• Place volunteer forms with the receptionist that will capture the name of
    organizations and individuals who drop off donations and provide holiday
    entertainment. The forms should capture the company name, contact person,
    phone number, address, email address and what service or donation was
    provided. In January send a Thank you note. You might be surprised at the
    number of individuals or companies who might come back to volunteer on a
    regular basis. Use prepared Thank You Cards so the only thing required is to
    enter the address on the envelope.
  • Utilize volunteers for as many tasks as you can. Advertise now that you need
    volunteers to assist with the holiday preparations. Think of all the tasks you
    need to accomplish from invitations, wrapping gifts, shopping, visiting residents,
    etc. Often times, if a perspective volunteer sees a specific task they can do, they
    will call you.
  • For some residents, the holidays are the saddest time of year. They are missing
    loved ones, their home and past life. Volunteers can spend time with these
    residents and add to the quality of their life. Have a prepared list of residents to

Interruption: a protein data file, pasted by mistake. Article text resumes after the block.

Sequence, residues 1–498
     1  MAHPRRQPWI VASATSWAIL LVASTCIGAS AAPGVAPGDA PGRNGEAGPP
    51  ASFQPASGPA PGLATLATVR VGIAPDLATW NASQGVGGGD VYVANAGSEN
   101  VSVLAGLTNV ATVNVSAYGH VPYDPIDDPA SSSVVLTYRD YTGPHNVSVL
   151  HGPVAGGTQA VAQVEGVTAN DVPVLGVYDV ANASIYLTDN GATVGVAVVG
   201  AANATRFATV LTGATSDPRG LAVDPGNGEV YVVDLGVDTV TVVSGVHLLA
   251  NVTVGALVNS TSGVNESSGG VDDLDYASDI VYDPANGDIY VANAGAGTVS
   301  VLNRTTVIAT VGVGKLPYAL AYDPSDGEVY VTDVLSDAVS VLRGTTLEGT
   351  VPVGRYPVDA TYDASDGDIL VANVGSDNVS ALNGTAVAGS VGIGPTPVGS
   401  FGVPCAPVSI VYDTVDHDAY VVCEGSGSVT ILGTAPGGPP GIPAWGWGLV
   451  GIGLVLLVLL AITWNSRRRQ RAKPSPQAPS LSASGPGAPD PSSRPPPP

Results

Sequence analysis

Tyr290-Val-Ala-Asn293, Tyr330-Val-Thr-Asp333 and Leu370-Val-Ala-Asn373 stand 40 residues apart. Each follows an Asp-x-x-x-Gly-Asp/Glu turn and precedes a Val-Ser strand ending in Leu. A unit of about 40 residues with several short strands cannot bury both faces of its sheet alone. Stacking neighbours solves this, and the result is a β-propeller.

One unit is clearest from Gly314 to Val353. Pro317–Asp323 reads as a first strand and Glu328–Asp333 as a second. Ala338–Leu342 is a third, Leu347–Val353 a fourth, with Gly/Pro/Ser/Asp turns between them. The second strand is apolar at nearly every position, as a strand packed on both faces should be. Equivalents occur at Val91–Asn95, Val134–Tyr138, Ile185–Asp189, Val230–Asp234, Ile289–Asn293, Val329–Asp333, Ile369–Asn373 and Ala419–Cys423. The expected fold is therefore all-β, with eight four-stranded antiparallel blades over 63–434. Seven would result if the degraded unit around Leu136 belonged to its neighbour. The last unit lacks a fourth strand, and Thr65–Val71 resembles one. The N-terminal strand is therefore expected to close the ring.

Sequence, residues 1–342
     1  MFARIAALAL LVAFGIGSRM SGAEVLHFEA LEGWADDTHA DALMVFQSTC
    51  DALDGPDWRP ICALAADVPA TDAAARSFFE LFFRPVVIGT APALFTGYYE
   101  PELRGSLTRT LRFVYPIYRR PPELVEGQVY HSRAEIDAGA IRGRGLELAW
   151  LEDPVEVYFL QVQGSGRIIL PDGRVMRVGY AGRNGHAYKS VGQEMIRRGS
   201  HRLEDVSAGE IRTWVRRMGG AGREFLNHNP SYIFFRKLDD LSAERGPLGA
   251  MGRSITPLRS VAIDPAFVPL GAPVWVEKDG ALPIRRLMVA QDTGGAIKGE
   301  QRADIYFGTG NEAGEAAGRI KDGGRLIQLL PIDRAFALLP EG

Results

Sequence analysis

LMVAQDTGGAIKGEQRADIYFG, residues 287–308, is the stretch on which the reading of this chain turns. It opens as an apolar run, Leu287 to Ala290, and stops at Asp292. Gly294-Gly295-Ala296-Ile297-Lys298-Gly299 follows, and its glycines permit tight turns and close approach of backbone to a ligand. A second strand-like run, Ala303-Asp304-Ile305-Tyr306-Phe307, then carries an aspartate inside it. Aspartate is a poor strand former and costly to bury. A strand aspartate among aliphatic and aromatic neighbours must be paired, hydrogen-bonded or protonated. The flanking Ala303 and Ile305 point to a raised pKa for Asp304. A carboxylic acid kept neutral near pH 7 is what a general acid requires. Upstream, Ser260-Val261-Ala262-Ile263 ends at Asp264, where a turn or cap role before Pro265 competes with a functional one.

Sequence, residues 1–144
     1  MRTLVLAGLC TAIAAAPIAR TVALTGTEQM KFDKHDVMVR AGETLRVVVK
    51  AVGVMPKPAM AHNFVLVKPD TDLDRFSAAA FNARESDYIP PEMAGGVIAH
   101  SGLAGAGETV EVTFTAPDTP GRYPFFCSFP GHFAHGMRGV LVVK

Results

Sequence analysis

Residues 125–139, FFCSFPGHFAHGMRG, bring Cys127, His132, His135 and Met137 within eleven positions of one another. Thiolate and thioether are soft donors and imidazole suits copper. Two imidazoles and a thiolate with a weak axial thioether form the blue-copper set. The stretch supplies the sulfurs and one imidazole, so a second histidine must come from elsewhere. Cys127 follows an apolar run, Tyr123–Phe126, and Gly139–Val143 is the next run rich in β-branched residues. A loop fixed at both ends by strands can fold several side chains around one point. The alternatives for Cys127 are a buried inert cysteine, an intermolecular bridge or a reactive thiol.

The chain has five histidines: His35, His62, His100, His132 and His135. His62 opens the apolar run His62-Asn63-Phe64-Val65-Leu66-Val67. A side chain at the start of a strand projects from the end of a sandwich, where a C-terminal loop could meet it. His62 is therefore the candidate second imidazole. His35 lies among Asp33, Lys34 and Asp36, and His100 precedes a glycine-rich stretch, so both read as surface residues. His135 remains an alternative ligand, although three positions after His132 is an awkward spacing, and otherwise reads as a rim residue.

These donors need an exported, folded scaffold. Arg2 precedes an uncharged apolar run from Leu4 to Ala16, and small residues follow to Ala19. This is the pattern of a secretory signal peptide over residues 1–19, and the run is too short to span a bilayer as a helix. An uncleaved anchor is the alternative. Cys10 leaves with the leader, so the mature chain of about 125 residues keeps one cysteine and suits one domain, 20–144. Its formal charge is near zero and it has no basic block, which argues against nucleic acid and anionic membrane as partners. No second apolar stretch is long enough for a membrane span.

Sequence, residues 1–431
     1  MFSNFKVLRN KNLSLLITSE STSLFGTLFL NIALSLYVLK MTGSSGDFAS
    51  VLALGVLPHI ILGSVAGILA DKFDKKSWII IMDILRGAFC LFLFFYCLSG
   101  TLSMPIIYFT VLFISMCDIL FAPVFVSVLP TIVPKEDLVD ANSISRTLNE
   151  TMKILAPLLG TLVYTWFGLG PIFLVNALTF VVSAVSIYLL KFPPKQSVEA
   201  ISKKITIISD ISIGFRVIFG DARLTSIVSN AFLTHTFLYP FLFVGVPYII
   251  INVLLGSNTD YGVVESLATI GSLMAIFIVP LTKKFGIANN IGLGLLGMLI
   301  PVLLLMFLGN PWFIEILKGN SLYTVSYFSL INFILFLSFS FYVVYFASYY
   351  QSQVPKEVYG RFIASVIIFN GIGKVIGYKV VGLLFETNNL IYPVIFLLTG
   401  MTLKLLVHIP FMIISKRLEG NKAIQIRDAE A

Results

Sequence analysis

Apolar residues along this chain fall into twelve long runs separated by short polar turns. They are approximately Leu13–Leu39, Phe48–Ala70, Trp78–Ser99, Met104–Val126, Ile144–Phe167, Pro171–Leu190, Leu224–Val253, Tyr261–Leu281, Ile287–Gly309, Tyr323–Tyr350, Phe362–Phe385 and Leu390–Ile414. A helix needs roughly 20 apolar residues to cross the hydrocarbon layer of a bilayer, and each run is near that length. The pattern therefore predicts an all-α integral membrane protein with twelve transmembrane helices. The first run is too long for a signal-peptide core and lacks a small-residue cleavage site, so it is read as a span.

visit and have them document their visits on a form you have created.

Staff: How can you decrease the stress for your staff?

  • Put up the staff schedule two months in advance.  Have the staff review and
  • Be aware of staff burn out. They may be having the same stress you are feelings
    and emotions due to relationships, finances and work / home responsibilities.
    As their supervisor it is your responsibility to address that and if necessary get
    your HR department involved. Sometimes, just giving them time to vent, will help
    in the situation.  Encourage your staff to take their breaks and include short
    walks during their breaks as a stress reliever.  Be aware of signs of burnout.
    Involve your HR department if  you are aware of burnout.
  • Be sure to have the supplies they need and in working order.
  • Keep them aware of all issues that they are involved in on a daily basis and you
    will have an informed staff.
  • Don’t add to the stress. Do they need to know everything that is going on in the
  • Print out articles on stress and share the strategies with your staff.
  • Keep the office neat and organized so that the office is a place to relax, regroup
    and calm down. If it is a shared office space, make it mandatory that desks are
    neat and supplies are put away daily by the staff.  
  • There is always that one person in your department you can count on, don’t
    keep overloading that person. Learn to delegate to others, encourage them to
    rise to the occasion, expect more from the other members of your team.
  • Play soft music.
  • Offer refreshments in the office, such as juice and coffee.
  • Compliment them often, acknowledge personal accomplishments and say
    Thank you frequently.

  • Don’t lose sight of why you took this job and the gratification you receive. You
    took this position for many reasons, career advancement, financial gains, a
    calling, emotional fulfillment or maybe all of the above.